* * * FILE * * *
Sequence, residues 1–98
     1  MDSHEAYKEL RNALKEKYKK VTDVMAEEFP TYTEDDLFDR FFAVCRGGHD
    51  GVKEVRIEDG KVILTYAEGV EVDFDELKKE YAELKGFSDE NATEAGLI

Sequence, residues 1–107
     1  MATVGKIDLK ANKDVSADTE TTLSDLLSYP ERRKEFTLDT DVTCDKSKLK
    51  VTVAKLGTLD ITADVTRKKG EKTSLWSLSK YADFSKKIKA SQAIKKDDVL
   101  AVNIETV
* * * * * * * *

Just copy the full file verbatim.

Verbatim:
Sequence, residues 1–98
     1  MDSHEAYKEL RNALKEKYKK VTDVMAEEFP TYTEDDLFDR FFAVCRGGHD
    51  GVKEVRIEDG KVILTYAEGV EVDFDELKKE YAELKGFSDE NATEAGLI

Sequence, residues 1–107
     1  MATVGKIDLK ANKDVSADTE TTLSDLLSYP ERRKEFTLDT DVTCDKSKLK
    51  VTVAKLGTLD ITADVTRKKG EKTSLWSLSK YADFSKKIKA SQAIKKDDVL
   101  AVNIETV